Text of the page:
Their first son, Henry, Jr., was born on June 11, 1862 in Syracuse NY. Their only daughter, Polly, was born in or about 1863 (in the 1870 Census, she was 7 years old). I don’t know whether Polly was her real name or whether it was a nickname for Mary, as it often is.  In December 1864, their second son George Valentine was born.

In the 1870 Census, the family is listed under the name Stross, living in the 5th Ward, Syracuse NY. Henry is a laborer at the railroad shop and Rosa is keeping house while Henry, Jr., and Polly attend school.  Henry & Rosa do not own any real property, and Henry only claims $100 worth of personal property.

In the next year, the family dealt with the sadness of a baby born who only lived just over a week. Charles was born April 11, 1871 and died August 19, 1871. Two years later, on May 16 1873, Rosa and Henry’s fourth son, John Henry, was born.

In the 1875 New York State Census, taken on June 2, 1875, the family is listed under the name “Strous”, living in Syracuse’s 5th Ward. Henry worked as a machinist for the New York Central Railroad. Listed as living with the family were their sons Henry (13), Valentine (11), and John (2). I don’t know where Polly is. I have not yet found any record of her other than the 1870 census in which she is 7 years old. She may have died in the intervening five years, and if so, that would have been another tragedy for Rosa and the family. (I find it difficult to believe that she has married as she would only be 12 in 1875, and I don’t think the family has the money to send her away for schooling.)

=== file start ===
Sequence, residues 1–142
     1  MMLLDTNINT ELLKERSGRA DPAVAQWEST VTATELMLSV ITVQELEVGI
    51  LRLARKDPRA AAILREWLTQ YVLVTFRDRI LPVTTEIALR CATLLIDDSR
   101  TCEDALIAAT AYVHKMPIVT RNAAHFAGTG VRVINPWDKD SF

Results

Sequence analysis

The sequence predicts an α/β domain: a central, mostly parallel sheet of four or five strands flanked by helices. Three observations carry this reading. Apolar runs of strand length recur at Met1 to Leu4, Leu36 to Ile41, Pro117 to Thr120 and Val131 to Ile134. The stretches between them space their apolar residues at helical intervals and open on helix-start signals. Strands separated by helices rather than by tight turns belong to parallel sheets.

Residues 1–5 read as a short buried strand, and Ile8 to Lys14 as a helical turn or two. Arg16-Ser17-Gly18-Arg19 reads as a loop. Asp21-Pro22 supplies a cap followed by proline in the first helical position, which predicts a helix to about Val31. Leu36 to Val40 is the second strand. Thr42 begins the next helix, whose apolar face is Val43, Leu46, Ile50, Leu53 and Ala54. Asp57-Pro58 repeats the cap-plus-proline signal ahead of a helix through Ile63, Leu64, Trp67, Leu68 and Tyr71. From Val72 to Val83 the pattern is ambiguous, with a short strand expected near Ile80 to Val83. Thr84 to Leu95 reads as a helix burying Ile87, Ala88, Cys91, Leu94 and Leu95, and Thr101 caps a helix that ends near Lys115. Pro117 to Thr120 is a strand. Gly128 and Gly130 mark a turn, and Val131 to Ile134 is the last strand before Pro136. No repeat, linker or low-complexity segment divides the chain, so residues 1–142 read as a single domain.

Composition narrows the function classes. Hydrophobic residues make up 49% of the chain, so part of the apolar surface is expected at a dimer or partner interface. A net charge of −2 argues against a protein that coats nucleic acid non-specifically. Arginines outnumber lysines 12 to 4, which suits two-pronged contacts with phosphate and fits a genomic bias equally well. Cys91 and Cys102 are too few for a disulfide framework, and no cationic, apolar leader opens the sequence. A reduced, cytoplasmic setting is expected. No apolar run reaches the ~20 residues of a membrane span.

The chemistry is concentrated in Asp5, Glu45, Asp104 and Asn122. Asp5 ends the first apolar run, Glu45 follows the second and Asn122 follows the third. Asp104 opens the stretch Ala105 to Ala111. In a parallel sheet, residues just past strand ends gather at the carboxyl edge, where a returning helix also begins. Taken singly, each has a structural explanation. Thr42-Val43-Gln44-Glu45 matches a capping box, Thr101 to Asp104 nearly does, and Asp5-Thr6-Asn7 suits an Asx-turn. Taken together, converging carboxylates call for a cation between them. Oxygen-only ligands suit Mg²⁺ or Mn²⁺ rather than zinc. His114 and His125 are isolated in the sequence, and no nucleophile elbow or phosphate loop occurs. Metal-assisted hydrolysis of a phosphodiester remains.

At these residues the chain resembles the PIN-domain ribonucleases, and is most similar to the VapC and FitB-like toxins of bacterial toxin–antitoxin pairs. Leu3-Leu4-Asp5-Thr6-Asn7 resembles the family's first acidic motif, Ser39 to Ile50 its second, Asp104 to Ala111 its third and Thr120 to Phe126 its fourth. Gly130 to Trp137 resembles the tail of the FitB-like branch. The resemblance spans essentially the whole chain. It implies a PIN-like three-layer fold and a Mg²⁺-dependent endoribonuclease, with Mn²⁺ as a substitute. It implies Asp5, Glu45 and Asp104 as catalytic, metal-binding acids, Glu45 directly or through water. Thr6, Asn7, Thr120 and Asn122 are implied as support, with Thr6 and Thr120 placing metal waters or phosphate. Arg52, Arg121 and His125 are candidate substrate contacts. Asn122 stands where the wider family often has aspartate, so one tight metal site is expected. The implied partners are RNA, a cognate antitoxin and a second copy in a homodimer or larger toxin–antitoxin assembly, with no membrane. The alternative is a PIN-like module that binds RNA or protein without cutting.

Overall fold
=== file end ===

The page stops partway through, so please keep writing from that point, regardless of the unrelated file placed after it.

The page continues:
Rosa and Henry had two more sons: George H., born on November 7, 1876, and Frank J. Born in February 1879.

Rosa and Henry’s family is found in the 1880 Census under the name “Stroch”. In this census Henry is shown to have been born in New York (& his parents are listed as from Prussia), but the rest of the family has the right first names and approximate ages so I think it’s the right family, and Rosa and her parents are shown as being born in Baden as appropriate. Rosa and Henry are both listed as age 42; Henry is a laborer. Henry, Jr., is 18 and also listed as a laborer, as are Valentine (age 16) and John (age 6) [ I hope the latter is a mistake of the enumerator going too far with the ditto marks but child labor laws did not go into effect until the 20th century so it could be accurate]. The family list also includes George, age 3, and Franki, age 1. 

Climbing My Family Tree: The Syracuse Morning Standard, Saturday Morning, June 18, 1881
The Syracuse Morning Standard, Saturday Morning, June 18, 1881